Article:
Knucklas Castle

The article below originally appeared in the Mid-Wales Journal, 5 Sept 1997 and appears with their permission. 

As part of a project to increase awareness of the historic site sponsored by the Menter Powys Community Tourism Project, On the Border historian Paul Remfry, author of Castles of Radnorshire, gave an informative talk on Knucklas castle. Mr. Remfry set the building of Knucklas castle in the context of the struggles between the English and Welsh for control of Maelienydd, an area which comprises much of the former county of Radnor. He found no reference to a castle at Knucklas before 1240. Llywelyn the Great conquered the area in 1215, but this was disputed by the Mortimers who had grown powerful in the area.

 

Mortimers

Ralph Mortimer married Llywelyn's daughter and claimed back Knighton as part of his marriage settlement, but did not gain control of Maelienydd until Llywelyn's death in 1240. Mr. Remfry thought that Bryn-y-Castell, just outside Knighton, was built by the Mortimers in the 1215-1230 period as a visible indication of their claims to the town. Ralph Mortimer attempted to strengthen his grip on the area by building new castles at Cefnllys and Knucklas.

 

Grandson

These were a departure from the traditional castle building in the area in that they were both on the tops of significant natural hills instead of low, artificially constructed, mottes. As Ralph was out of the country at the time, the work was supervised by his 11-year-old son, Roger, (who was also Llywelyn's grandson). In 1246 Ralph Mortimer died and Maelienydd was taken by the ever indecisive King Henry III, but the following year Roger Mortimer, though still a minor, persuaded the king to let him have it back.

Mr. Remfry said that the available evidence suggested that Knucklas castle was basically a square construction with substantial stone walls and a circular tower at each corner. Its purpose was to remind the more or less hostile Welsh population who was in charge. But it did not last long as an effective fortification; in 1260 it was by-passed when a Welsh army attacked Knighton, which fell on April 22 that year; but in 1262 Llywelyn II entered Mid Wales with a strong army, besieged Mortimer at Cefnllys, and late in the year sent one of his generals, Owain ap Madog, to attack Knucklas castle with siege engines. The garrison took one look at the engines and surrendered, and the victorious Welsh rendered the fortifications indefensible.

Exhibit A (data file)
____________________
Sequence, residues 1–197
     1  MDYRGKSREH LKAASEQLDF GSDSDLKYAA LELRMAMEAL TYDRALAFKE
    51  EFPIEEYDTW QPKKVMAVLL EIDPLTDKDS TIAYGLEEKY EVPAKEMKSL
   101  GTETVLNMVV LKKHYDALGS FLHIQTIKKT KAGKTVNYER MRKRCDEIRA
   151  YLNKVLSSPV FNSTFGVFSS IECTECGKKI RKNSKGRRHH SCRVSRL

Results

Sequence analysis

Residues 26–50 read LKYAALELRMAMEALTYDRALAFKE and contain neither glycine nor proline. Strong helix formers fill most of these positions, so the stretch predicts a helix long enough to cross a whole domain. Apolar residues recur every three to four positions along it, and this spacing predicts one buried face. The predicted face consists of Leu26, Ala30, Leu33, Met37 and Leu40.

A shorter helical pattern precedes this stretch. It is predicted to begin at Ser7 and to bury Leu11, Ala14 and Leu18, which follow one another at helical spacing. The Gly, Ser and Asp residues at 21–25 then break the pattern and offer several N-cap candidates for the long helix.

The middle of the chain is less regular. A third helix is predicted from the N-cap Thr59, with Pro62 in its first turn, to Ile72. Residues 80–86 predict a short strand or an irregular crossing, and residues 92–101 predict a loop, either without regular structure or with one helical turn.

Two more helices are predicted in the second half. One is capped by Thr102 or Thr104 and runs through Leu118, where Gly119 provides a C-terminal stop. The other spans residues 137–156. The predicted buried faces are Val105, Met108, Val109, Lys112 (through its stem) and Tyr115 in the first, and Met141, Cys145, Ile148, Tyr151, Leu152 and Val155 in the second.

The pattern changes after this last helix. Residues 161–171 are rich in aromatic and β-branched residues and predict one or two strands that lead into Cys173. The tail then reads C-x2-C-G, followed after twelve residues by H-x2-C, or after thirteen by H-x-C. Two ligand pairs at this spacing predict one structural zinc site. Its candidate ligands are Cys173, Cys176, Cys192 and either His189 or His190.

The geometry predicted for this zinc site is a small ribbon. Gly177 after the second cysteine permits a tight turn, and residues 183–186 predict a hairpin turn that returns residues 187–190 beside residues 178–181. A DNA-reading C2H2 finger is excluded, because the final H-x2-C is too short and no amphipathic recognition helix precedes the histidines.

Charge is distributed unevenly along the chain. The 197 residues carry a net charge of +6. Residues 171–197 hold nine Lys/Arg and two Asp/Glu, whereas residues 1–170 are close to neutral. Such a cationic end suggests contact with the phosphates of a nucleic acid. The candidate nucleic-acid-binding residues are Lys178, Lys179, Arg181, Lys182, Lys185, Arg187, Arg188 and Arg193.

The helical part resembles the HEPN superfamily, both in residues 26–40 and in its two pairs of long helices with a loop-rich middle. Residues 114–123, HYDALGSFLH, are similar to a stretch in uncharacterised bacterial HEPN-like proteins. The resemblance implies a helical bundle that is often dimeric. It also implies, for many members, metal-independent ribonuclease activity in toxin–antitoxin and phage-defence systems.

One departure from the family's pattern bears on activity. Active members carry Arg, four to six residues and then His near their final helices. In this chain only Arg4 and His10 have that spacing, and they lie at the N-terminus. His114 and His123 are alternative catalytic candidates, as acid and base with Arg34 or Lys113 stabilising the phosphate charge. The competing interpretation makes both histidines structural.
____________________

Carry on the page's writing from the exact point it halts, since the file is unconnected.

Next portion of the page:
That was not quite the end of Knucklas castle's brief history, for there is a mention that it was garrisoned in 1282 when Edmund Mortimer regained control, but this time the English had come to stay, and the need for such a fortification disappeared. The castle is last mentioned in contemporary records in 1316, and it is very unlikely it was anything more than a ruin by the time of Owain Glyndwr's revolt in 1402.

 

Plaque

Asked about the famous story that Guinevere married Arthur at Knucklas, Mr. Remfry said there was no visible evidence of an Iron Age fortification at Knucklas, though it may have been occupied in the Dark Ages, something which could only be established by excavation.

Left: The plaque placed on the site of Knucklas castle, built into a wall made of the remains of the original castle stonework taken by Roger Bright.

The project has been organised by Annette and Cena Pike with the help of Helen Minnice-Hughes of Menter Powys. A plaque carved by Will and Lottie O'Leary of Knucklas, has been placed on the hill to mark the site of the castle together with a seat made from old oak timbers. Volunteers and members of the committee have cleared the pathways and fitted an oak gate of Brecon and Mid Wales design at the entrance to the site. All this has been done by the permission of the landowners, Mrs. G. and Mr. H. Evans.

 

Since this article has been written, a reinterpretation of the evidence suggest that it may not have been the Mortimers, but Prince Llywelyn ab Iorwerth who was responsible for founding Knucklas castle in the highlands of Maelienydd, just west of the English border.

The Castles and History of Radnorshire (ISBN 1-899376-82-8) looks in great detail at Knucklas and its sister castles of Cefnllys and Tinboeth.  This book consists of 309 pages of A4 and examines in greater detail the history and castles of Radnorshire and Rhwng Gwy a Hafren.  Starting in the early eleventh century the book covers the age of the castles up to the Civil War of 1642-46.  Each castle description is buttressed by numerous photographs and plans of the earthworks and remains where they survive.  A new look is also taken at the battlefield of Pilleth and the evidence for the course of the battle is scrutinised.  The book also contains genealogical family trees of the major historical Radnorshire families and a full index.

Available for £39.95.



Copyright©1994-2007 Paul Martin Remfry


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